Clarity in Epistemology, Theories of Truth, Precision in Communication, Facets of Reality, and More Photos of Food

July 20, 2014 Leave a comment

Sunday lunchIn between the innumerable barbecues (the English sort requiring shielding with brollies from the London rain) and having people round for dinner, have been pondering the necessity of clarity in thinking about things and precision in communication. (The Tutor first raised it when we were chatting a few months ago about the setting up of apprenticeship schemes in churches. Female Tutor thought this was one of my (very few) strengths, i am not so certain as most of this blog demonstrates… Was also talking about this with Online Bookshopkeeper and wife last month.)

ox cheek, green beans with hazelnuts, sweet potato mash, grilled aubergines and tomatoes with mozarella

Clarity in Epistemology

Possibility of Clarity
But before we even consider the subject, the question should surely be whether there is even the possibility of epistemological clarity*, both for the unbeliever with his unregenerated mind and for the believer living in this fallen world?

One of the most common presuppositions in modern thinking is that the human mind and all it generates (theories in various sciences, humanities) should have the utmost claim to the authoritative interpretation of reality. But if Scripture is right**, human brain power cannot be the ultimate in the process of evaluation, because it is corrupted by sin:

18 For the wrath of God is revealed from heaven against all ungodliness and unrighteousness of men, who by their unrighteousness suppress the truth. 19 For what can be known about God is plain to them, because God has shown it to them. 20 For his invisible attributes, namely, his eternal power and divine nature, have been clearly perceived, ever since the creation of the world, in the things that have been made. So they are without excuse. 21 For although they knew God, they did not honour him as God or give thanks to him, but they became futile in their thinking, and their foolish hearts were darkened. 22 Claiming to be wise, they became fools, 23 and exchanged the glory of the immortal God for images resembling mortal man and birds and animals and creeping things.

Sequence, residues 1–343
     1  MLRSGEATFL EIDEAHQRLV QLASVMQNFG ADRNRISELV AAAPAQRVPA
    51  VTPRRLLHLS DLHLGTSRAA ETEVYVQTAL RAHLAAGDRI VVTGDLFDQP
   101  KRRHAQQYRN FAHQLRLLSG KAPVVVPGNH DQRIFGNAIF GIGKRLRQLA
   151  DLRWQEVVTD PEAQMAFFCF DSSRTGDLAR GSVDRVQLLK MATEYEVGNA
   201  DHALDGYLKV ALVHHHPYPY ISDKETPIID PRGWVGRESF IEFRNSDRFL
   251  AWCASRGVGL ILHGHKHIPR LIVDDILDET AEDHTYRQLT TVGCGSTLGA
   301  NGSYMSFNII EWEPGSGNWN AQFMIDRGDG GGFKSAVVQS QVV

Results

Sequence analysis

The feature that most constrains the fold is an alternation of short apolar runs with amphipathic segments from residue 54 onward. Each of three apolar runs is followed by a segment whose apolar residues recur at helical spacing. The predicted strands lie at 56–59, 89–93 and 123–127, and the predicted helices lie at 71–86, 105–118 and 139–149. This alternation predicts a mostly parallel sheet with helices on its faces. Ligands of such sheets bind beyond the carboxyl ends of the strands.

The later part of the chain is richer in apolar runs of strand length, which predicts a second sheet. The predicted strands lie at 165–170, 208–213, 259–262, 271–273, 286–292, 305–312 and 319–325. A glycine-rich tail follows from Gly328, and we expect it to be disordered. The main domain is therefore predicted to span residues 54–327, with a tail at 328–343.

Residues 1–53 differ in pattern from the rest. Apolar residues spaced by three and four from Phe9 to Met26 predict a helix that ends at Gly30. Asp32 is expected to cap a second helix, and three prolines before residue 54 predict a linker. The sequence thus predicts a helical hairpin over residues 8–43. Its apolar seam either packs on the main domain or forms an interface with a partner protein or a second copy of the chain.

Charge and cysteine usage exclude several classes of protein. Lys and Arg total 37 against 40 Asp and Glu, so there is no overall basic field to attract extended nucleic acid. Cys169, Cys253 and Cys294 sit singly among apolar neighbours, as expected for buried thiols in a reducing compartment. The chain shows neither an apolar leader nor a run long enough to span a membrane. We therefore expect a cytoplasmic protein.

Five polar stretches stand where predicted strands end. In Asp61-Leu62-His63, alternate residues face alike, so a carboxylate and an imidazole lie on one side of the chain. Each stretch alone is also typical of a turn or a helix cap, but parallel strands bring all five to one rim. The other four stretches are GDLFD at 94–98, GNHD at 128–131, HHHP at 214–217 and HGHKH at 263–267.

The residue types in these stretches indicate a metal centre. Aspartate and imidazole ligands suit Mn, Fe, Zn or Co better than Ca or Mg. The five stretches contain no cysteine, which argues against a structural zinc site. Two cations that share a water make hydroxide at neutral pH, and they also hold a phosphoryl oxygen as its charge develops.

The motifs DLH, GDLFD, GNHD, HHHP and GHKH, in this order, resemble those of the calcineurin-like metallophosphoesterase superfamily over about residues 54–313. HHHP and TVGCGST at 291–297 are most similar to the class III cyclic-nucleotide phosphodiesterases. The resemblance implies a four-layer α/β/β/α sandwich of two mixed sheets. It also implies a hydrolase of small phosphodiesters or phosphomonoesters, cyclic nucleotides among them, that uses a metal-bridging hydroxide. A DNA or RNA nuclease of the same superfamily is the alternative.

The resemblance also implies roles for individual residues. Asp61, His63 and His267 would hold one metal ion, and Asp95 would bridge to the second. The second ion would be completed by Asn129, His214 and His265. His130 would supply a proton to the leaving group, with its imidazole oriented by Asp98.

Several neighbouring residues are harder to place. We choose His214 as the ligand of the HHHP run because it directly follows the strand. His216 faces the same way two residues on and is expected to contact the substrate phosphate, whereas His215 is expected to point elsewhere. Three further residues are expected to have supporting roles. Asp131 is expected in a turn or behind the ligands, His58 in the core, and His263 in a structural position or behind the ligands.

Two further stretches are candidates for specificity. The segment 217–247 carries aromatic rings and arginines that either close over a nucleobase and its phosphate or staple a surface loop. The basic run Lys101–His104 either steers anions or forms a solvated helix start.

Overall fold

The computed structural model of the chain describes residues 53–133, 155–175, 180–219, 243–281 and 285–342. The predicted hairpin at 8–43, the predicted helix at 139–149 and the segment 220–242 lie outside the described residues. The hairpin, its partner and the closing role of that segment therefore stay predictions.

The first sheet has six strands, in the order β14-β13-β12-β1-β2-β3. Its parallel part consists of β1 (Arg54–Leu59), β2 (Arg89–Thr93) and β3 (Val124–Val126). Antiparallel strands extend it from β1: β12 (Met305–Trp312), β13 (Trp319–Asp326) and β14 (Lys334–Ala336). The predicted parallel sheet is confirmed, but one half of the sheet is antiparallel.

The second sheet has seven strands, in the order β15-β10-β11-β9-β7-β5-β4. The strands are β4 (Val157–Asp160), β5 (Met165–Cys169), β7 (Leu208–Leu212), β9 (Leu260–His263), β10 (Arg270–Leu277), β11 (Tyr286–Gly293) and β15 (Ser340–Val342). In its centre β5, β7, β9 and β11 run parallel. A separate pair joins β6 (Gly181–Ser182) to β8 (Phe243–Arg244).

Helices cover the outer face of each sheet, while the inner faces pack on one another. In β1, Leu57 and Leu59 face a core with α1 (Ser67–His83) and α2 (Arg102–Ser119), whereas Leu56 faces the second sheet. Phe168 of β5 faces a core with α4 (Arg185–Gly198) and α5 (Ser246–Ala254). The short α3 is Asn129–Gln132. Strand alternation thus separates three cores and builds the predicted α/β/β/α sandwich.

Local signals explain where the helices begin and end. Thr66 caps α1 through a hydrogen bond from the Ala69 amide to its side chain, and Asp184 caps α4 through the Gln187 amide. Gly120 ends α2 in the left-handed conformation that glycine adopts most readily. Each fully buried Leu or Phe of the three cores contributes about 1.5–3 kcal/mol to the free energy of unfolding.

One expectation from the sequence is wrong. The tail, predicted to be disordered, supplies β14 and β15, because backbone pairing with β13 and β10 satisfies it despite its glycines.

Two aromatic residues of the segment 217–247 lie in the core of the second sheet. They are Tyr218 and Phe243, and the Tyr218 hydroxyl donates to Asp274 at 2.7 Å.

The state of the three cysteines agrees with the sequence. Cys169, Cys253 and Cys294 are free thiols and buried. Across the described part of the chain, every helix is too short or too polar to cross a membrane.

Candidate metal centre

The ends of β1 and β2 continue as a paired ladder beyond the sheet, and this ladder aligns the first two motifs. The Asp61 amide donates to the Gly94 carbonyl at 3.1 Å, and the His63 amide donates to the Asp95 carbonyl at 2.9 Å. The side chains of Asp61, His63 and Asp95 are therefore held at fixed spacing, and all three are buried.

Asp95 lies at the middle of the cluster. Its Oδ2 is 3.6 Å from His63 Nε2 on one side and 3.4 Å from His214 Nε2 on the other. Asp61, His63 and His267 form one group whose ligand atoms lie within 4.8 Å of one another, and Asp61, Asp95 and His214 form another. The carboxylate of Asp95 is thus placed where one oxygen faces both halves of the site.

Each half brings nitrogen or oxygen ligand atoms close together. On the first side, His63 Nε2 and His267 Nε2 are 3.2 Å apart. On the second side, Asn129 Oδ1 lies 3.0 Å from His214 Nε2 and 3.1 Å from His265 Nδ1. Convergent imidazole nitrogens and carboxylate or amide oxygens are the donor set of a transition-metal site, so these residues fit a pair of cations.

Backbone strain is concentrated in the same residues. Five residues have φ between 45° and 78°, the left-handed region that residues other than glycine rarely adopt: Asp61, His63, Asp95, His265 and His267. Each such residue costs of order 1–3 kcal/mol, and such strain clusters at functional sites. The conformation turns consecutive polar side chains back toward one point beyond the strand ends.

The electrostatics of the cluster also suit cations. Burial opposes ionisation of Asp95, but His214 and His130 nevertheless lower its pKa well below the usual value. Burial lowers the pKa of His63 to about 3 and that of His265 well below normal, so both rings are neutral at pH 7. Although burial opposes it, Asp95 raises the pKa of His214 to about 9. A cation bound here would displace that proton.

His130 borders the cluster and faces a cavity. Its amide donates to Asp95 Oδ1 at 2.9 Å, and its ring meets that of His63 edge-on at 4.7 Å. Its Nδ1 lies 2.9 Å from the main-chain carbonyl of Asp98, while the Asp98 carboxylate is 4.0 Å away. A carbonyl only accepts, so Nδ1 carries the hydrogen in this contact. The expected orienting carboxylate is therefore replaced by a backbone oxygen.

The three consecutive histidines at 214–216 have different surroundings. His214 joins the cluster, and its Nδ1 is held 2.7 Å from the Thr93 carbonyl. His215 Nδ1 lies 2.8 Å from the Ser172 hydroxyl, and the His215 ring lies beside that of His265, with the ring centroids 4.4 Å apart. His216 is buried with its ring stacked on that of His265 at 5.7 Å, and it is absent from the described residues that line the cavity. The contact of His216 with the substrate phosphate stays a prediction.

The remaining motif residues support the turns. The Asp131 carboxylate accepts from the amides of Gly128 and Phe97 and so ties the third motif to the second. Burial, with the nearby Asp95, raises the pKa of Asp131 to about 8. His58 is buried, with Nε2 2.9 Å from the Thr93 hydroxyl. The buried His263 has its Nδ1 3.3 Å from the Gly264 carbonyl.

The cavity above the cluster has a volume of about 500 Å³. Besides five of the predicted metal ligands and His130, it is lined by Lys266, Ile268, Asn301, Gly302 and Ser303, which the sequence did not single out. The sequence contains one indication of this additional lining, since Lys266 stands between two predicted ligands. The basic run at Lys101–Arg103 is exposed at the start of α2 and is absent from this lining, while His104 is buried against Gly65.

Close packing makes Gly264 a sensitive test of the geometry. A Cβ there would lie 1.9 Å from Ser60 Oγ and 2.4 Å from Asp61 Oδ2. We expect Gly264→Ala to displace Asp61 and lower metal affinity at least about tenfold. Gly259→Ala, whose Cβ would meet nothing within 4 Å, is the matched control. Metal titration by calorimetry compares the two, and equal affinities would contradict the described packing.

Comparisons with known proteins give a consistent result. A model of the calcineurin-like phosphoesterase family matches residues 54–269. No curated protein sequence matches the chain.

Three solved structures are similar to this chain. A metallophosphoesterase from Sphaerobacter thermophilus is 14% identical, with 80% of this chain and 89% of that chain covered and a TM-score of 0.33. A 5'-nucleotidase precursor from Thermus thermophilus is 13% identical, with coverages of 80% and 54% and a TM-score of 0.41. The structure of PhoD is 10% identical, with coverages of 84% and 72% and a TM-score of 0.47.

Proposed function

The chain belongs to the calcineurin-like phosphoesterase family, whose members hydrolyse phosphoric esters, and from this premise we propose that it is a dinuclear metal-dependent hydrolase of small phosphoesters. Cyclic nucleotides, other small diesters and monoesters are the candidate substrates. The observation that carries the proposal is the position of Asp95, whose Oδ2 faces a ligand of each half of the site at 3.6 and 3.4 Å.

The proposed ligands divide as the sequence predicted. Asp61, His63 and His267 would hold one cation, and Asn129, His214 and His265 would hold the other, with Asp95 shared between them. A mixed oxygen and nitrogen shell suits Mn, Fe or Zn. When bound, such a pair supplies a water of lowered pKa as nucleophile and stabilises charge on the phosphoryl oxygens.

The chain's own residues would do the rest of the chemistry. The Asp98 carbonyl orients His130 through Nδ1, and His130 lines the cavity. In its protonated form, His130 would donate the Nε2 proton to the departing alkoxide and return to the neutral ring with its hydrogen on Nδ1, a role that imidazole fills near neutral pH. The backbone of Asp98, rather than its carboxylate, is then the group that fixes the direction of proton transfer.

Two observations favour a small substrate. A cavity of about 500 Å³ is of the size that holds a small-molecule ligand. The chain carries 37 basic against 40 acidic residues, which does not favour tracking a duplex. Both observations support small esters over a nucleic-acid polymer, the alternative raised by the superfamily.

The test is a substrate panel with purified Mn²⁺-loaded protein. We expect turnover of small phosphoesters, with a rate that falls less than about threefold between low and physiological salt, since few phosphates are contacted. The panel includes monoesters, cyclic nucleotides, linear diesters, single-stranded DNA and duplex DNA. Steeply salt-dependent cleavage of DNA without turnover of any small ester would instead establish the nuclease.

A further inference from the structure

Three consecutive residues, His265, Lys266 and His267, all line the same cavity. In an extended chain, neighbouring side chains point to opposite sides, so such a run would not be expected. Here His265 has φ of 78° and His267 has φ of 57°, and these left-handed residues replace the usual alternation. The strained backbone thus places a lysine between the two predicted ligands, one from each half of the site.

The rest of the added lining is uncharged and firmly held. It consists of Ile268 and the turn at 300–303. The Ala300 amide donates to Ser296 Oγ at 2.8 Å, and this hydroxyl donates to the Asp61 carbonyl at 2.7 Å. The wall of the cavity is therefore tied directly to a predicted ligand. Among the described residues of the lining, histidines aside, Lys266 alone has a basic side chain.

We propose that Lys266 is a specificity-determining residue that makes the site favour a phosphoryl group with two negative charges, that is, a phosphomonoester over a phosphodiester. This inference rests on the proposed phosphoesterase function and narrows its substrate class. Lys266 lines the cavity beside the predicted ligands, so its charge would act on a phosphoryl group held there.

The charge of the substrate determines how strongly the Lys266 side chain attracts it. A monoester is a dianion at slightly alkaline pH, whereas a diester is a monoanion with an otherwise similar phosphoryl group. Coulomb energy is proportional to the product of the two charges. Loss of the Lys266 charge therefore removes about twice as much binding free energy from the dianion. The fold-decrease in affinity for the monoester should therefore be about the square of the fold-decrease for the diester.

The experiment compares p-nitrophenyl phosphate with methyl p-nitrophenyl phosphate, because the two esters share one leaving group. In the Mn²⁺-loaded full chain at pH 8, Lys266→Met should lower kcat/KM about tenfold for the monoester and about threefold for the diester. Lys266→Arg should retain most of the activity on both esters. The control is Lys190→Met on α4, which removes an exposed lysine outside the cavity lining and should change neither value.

24 Therefore God gave them up in the lusts of their hearts to impurity, to the dishonouring of their bodies among themselves, 25 because they exchanged the truth about God for a lie and worshipped and served the creature rather than the Creator, who is blessed for ever! Amen.

26 For this reason God gave them up to dishonourable passions. For their women exchanged natural relations for those that are contrary to nature; 27 and the men likewise gave up natural relations with women and were consumed with passion for one another, men committing shameless acts with men and receiving in themselves the due penalty for their error.

28 And since they did not see fit to acknowledge God, God gave them up to a debased mind to do what ought not to be done. 29 They were filled with all manner of unrighteousness, evil, covetousness, malice. They are full of envy, murder, strife, deceit, maliciousness. They are gossips, 30 slanderers, haters of God, insolent, haughty, boastful, inventors of evil, disobedient to parents, 31 foolish, faithless, heartless, ruthless. 32 Though they know God’s decree that those who practise such things deserve to die, they not only do them but give approval to those who practise them. (Romans 1:18-32)

  • If God has established objective reality (“truth”), and
  • humans because of their refusal to acknowledge God as God by worshipping him or thanking him,
  • have suppressed the truth about God, then